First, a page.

World War II action film Fury, starring Brad Pitt, is somewhat unique in that instead of focusing on large scale ground, air, or naval battles, it explores the less glamorous side of WW2: tank warfare. Written and directed by David Ayer (Street Kings), it takes place during the final months of the war as the allies are moving across Germany towards Hitler where one Sherman tank crew, commanded by Don “Wardaddy” Collier (Pitt), finds itself up against superior technology on the battlefield. Making things worse, the loss of a crewman has left them with terrified rookie gunner Norman (Logan Lerman), who was recently pulled from the secretarial pool and in his own words is “trained to type 60 words a minute”. Collier and his crew face sometimes overwhelming odds to complete their missions, while at the same time forging the types of bonds that are uniquely created in a battlefield setting.
Ayer’s vision of WWII is dreary and bleak (taking place in April doesn’t help), and there is lots of graphic combat violence. Ayer goes beyond depicting the acts of violence themselves, and allows (or forces) the audience to linger uncomfortably with the deaths well beyond the moment of impact. After all, someone has to clean up the body that was just splattered to smithereens, or if not, it gets run over…again…and again. Even more uncomfortable than the devastation of human bodies is his depiction of the trauma to the human mind and psyche as a result of man-made atrocities. In between the gunfire and battle scenes, he weaves a compelling human story about survival in the face of extraordinary circumstances, and the devastating toll that war takes on all sides, both winners and losers, and those caught in the middle. In one memorable scene where Collier and Norm take up temporarily with a German woman and her niece in a village they have just taken over, Ayer takes the audience on a roller-coaster ride by creating nail-biting tension, then relieving it, and then inflicting even more pain. It’s as if Ayer is taunting the audience in a game of emotional cat-and-mouse, and in the end…he wins. But, the story isn’t entirely original and there are echoes in the plot and characters of other World War II films, such as Saving Private Ryan.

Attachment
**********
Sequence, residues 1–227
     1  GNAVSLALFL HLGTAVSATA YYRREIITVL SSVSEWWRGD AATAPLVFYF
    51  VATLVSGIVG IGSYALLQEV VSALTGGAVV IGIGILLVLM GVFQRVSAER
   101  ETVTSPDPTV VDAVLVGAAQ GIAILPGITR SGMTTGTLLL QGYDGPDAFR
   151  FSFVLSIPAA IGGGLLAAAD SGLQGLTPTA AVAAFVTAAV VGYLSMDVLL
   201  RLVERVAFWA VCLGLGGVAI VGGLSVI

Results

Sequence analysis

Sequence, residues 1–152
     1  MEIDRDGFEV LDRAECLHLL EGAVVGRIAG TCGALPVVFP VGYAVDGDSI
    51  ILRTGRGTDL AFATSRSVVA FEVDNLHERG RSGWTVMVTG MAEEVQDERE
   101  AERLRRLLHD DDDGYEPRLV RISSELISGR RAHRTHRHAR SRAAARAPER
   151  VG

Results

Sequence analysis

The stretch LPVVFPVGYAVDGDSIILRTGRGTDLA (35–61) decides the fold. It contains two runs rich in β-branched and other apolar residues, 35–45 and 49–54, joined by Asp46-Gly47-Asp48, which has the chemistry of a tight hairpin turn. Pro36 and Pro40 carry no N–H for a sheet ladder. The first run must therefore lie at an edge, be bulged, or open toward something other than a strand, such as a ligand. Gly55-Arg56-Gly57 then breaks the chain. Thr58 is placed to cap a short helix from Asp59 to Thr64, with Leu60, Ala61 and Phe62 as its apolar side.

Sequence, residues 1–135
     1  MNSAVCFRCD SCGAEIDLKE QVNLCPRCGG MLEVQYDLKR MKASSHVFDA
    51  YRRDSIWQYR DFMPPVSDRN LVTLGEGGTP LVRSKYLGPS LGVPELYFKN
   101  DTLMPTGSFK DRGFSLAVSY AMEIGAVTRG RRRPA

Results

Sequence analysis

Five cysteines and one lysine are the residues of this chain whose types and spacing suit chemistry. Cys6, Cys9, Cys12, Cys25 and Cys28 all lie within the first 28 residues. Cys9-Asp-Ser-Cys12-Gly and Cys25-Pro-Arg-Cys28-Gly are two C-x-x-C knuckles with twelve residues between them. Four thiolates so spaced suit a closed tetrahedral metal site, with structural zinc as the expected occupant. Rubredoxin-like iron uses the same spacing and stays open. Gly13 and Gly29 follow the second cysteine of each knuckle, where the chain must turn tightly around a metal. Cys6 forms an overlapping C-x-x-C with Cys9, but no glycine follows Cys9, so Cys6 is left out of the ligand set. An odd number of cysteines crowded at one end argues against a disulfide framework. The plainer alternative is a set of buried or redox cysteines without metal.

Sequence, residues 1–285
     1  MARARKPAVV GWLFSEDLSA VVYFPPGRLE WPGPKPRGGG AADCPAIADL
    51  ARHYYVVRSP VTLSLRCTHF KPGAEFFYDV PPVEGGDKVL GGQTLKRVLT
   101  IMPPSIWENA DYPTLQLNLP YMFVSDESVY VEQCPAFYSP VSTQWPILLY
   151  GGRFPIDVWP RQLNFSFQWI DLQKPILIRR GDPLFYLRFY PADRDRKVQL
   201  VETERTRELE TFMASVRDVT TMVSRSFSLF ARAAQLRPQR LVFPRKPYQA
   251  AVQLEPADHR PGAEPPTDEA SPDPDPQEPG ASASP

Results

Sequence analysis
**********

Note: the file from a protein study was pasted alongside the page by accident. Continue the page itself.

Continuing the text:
The battle scenes in Fury were well executed, and I give credit for making tank warfare seem exciting. Tanks, which in relation to other battlefield hardware like airplanes, are slow-moving so the scenes focus more on the strategy. Despite that, the battle scenes in Fury are intense and entertaining, and one particular sequence where Collier’s tank ends up only feet from the superior enemy tank in the battle is so intense it will make you break out into a sweat. Unfortunately, there are several noticeable errors at various parts of the film, such as when the final climactic battle scene suddenly and inexplicable shifts from day to night, or when a detonated grenade fails to cause any real damage. Individually they are fairly easy to overlook, but eventually these mistakes begin to stack up.
Fury is supported by a talented ensemble cast, all of whom give good performances. I felt Shia Labeouf as the bible-toting Boyd Swan, and Logan Lerman as Norman were the standouts. Pitt also gives a solid performance, but I felt Michael Pena’s “Gordo” Garcia was a bit of typecasting.
Ayer’s biggest mistake with Fury is that he becomes overly-ambitious with the ending and winds up in hero-worship territory. Unfortunately, what was real, raw and gritty transforms suddenly into something reminiscent of a standard Hollywood big-budget action film with an indestructible hero. It’s like climbing the mountain to Machu Picchu where the journey is fantastic and everything you expected, except that when you get to the top you find a Starbucks. It’s an unsightly blemish on the face of an otherwise handsome film.
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::: Renowned For Sound Technical Director and Film Reviewer ::: Robert is an IT geek, movie fan and part-time movie reviewer/editor. Robert also looks after the ‘behind the scenes’ technical elements of Renowned For Sound.